Bicycle Information
Pennsylvania Bicycle Driver's Manual - Chapter 1: Off to a Good Start

Let’s look first at how you get on your bicycle. If you climb onto it the right way, you get quicker, safer starts and a more efficient riding position. We’ll also take a look at how to get off smoothly so you’re positioned to start again quickly.

Thread a toe strap....
      Thread a toe strap as shown, from outside to inside of the pedal. Leave the end hanging loose so you can pull it to tighten the strap.


When you get onto your bicycle, first stand over the frame in front of the saddle. Hold the brake levers so the bike won’t roll. A steady bike lets you get into position to mount.
Now, lift your right foot and put it into the pedal. Turn the crank backwards until the pedal is at 2 o’clock position -- forward and high. Backpedal gently. If the crank won’t turn easily, adjust the gear levers until the chain runs smoothly.

When the pedal is in the 2 o’clock position, you’re ready to get moving. Let go of the brakes and push down on the pedal. The first pedal stroke starts the bike moving and lifts you up to the saddle. When the opposite pedal comes up to top position, put your foot on it for the second pedal stroke. If you don’t get your foot into the pedal on the first try, ride along with the pedal upside down until you build up speed. Then put your foot into the toeclip.


Clipless pedals and toeclips are your "feet belts" -- they increase pedaling efficiency and safety. But until you're used to them. leave them loose in stop-and-go traffic. Practice removing your foot from the pedal as you stop.

Thread toeclips and straps as shown in the illustration -- from the outside to the inside of the pedal. Leave the end of the strap sticking out like a floppy dog ear -- don't tuck it back in to the buckle. Tighten the strap by pulling on the end, and loosen it by pushing the buckle outward with your thumb.

Clipless pedals are usually easier to use than toeclips -- but the motion to release your foot is different, so practice it a few times before you use one of htese systems out on the road.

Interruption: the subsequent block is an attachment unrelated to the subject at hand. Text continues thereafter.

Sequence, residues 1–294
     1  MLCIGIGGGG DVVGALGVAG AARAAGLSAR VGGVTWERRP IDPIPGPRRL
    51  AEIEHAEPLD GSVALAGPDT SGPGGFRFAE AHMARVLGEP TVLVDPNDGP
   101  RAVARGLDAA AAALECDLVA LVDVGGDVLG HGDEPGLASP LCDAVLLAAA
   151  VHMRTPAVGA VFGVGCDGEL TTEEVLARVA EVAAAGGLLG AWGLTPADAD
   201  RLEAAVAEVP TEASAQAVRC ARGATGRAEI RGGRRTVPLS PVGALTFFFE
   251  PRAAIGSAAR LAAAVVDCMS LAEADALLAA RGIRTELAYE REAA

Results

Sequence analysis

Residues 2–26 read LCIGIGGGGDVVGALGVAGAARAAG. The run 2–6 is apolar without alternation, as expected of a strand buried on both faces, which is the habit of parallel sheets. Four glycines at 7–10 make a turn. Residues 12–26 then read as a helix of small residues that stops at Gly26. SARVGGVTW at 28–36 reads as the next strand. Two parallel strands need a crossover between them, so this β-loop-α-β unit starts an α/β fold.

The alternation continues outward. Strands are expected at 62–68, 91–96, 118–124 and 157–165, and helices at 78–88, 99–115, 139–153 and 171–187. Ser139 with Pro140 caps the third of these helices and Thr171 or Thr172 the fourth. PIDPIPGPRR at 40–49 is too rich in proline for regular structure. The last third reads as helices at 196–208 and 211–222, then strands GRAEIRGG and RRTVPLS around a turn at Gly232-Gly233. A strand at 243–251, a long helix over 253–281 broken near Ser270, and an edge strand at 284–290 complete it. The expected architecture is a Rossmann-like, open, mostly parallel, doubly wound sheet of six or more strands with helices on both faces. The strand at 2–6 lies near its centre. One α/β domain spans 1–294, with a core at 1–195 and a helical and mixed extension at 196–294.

When you're coming to a stop, stand on the right pedal, and slide forward off the saddle. lean the bike a little to the left side an dplace your left foot on the ground. When soptted, raise your right foot and its pedal into the 2 o'clock starting position.

No matter what type of pedals you use, put only one foot on the ground when you stop. The other foot waits on its pedal in the 2 o'clock position, ready for a quick start.

As you slow to a stop, shift down to a low, starting gear. On a derailleur-equipped bike, the gears shift only while you're still turning the pedals.


Many bicyclists like to sit down on the bike's saddle before they start, with both feet on the ground -- a common mistake. People get into this habit as children, riding tricycles. On a tricycle, your feet reach the ground, because the pedals are ahead of you. On a bicycle, the redals are underneath you, so the saddle has to be higher.

People with the tricycle habit always keep their saddles too low. They can't develop much power, because their legs don't straighten out enough.

There are a couple of other common mistakes people make in getting onto their bikes. Some people push the bike along with a foot, like a scooter. Other people stand next to the bike, then leap over it, the way you mount a horse. But a bicycle is not a tricycle, a scooter, or a horse.

Practice the pedal-step method until you're comfortable with it. Raise the saddle if it is too low. Also, practice shifting your gears as you stop, so you'll have good acceleration when you start again. You'll be rewarded with smoother, safer and quicker starts.